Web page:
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Firefighter Cancer Awareness

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Firefighters can come into contact with chemicals by breathing them in, getting them on their skin or in their eyes, or by ingesting them. Image for illustration purposes
Firefighters can come into contact with chemicals by breathing them in, getting them on their skin or in their eyes, or by ingesting them. Image for illustration purposes
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Cancer is a leading cause of death among firefighters, and research suggests firefighters are at higher risk of certain types of cancers when compared to the general population. January is Firefighter Cancer Awareness Month. Learn more about firefighters’ cancer risk and what can be done to reduce the risk.

Hazards

Firefighting settings are complex and contain various hazardous substances. Firefighters can be exposed to hundreds of different chemicals in the form of gases, vapors, and particulates. Some of these chemical substances are known or suspected to cause cancer. Some of these hazardous substances are byproducts of combustion or burning, such as benzene and formaldehyde. Others come from the materials burning or in the fire debris, such as asbestos from older structures.

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Firefighters can come into contact with chemicals by breathing them in, getting them on their skin or in their eyes, or by ingesting them. If protective clothing, known as turnout gear, is not adequately cleaned or stored after a fire response or training event, chemicals on the gear or equipment can contaminate vehicles and the fire station. Reusing dirty turnout gear or respiratory protection can also result in exposures to hazardous substances. These exposures can occur by skin contact with contaminated personal protective equipment (PPE) or by breathing in or ingesting particles from contaminated PPE.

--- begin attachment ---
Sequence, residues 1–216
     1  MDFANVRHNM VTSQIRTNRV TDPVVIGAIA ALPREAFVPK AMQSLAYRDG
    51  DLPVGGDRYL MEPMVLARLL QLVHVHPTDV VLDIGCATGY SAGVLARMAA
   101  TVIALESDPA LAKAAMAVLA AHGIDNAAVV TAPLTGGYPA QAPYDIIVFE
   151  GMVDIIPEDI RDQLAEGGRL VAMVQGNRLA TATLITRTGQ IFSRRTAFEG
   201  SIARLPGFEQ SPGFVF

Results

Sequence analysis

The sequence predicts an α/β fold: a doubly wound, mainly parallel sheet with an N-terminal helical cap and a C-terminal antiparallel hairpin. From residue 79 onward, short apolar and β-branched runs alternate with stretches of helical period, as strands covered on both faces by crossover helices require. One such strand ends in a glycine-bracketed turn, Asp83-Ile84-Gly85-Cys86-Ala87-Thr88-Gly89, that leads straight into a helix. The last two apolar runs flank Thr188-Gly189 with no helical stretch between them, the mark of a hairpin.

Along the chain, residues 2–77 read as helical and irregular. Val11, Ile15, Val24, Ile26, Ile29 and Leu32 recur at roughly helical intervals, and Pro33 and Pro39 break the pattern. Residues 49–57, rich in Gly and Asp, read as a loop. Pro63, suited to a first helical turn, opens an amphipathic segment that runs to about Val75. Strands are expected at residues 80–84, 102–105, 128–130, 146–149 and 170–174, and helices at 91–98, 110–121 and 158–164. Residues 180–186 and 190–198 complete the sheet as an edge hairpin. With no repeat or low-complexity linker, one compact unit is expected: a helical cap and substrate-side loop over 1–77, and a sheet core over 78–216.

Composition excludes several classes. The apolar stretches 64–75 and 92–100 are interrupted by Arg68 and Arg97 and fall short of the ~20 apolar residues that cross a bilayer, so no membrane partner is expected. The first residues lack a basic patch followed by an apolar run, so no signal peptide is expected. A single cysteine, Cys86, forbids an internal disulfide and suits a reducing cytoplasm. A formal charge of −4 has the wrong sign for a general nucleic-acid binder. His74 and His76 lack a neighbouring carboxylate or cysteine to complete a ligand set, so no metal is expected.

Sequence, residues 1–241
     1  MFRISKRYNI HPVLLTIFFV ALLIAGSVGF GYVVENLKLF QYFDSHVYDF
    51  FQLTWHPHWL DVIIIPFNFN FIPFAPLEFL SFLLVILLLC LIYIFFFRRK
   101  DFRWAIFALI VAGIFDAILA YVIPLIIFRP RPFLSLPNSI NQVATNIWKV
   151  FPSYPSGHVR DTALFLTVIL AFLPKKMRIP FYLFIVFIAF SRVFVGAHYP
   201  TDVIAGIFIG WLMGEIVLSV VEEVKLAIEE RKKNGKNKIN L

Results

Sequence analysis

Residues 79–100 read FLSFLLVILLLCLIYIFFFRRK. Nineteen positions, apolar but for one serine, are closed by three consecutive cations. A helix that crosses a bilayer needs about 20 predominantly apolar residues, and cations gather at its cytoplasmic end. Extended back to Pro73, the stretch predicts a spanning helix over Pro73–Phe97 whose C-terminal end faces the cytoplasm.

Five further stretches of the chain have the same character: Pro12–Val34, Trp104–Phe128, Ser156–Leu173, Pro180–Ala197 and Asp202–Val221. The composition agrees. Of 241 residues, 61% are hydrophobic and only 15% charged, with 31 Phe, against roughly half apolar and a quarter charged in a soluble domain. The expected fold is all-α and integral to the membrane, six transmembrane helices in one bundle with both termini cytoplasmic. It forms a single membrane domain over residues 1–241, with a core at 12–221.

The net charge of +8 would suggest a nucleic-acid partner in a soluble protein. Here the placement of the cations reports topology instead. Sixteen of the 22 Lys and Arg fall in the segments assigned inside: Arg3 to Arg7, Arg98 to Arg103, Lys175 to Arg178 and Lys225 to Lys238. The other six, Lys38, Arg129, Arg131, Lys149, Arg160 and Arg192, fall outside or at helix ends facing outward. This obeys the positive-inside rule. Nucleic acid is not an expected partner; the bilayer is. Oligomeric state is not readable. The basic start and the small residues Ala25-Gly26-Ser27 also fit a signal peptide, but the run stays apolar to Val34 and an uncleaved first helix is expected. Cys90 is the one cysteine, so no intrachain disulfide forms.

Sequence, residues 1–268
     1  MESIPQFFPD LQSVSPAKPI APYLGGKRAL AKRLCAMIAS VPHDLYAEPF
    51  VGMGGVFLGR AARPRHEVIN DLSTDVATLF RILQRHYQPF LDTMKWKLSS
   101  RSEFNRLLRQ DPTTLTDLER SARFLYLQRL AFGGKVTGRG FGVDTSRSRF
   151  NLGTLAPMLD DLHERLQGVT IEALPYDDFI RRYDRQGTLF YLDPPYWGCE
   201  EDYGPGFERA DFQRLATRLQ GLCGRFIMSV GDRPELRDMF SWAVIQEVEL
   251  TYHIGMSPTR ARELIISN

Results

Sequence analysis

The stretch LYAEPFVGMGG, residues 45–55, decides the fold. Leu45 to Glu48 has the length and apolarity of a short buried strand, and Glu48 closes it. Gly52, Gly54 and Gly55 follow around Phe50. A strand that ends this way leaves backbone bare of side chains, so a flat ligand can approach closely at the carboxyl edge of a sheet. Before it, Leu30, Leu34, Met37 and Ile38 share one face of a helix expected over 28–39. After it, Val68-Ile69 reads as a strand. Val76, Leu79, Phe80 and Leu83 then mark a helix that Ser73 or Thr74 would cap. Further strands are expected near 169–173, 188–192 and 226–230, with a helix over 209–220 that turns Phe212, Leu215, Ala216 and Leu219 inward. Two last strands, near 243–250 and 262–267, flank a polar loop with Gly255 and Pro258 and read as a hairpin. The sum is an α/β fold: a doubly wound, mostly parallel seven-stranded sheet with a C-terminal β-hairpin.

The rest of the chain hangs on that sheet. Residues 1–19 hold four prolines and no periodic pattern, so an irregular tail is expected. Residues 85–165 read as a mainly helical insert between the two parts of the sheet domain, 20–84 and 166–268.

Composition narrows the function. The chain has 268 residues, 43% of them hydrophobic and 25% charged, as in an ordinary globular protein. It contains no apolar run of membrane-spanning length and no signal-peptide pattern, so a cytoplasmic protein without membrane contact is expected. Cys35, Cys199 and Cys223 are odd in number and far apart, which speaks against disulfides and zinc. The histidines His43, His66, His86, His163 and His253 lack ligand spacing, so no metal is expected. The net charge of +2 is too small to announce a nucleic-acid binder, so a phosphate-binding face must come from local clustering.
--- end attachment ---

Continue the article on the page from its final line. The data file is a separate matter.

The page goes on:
Prevention

It is important for the Fire Service to educate its members about safe work practices. Effective training promotes a safety culture that cultivates sound work practices. Sound work practices are designed to reduce exposures to hazardous agents, which is key to reducing occupational illnesses, including cancer. Training should emphasize the proper use and care of PPE and turnout gear and the proper use of approved respiratory protection during all phases of firefighting.

Additionally, training that increases cancer awareness and physical well-being may encourage firefighters to adopt work practices that lower their exposures to cancer-causing substances. It can also help promote healthier lifestyles that may also reduce their cancer risk and increase the use of cancer screening tools.

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An important part of preventing cancer in the Fire Service is learning more about it. That’s the goal of the National Firefighter Registry (NFR) for Cancer, which is a voluntary registry of active and former firefighters with the goal of understanding and reducing cancer in the U.S. Fire Service.

Join the National Firefighter Registry for Cancer

The NFR is open to all U.S. firefighters, not just those with a previous diagnosis of cancer. Having many types of firefighters join the NFR is crucial to examining relationships between firefighter activities and cancer. All firefighters—paid or volunteer, active or retired, structural or wildland, no matter their length of service—can join the NFR. Firefighters can join the NFR by logging onto a secure website to complete a survey. The more firefighters who join the NFR, the more questions that can be answered about firefighting and cancer.

Join the NFR at NFR.CDC.gov

New! Firefighter Cancer Awareness Month Toolkit

Please share the Toolkit during Firefighter Cancer Awareness Month and encourage all U.S. firefighters, active or retired, no matter their length of service, to join the NFR for Cancer.

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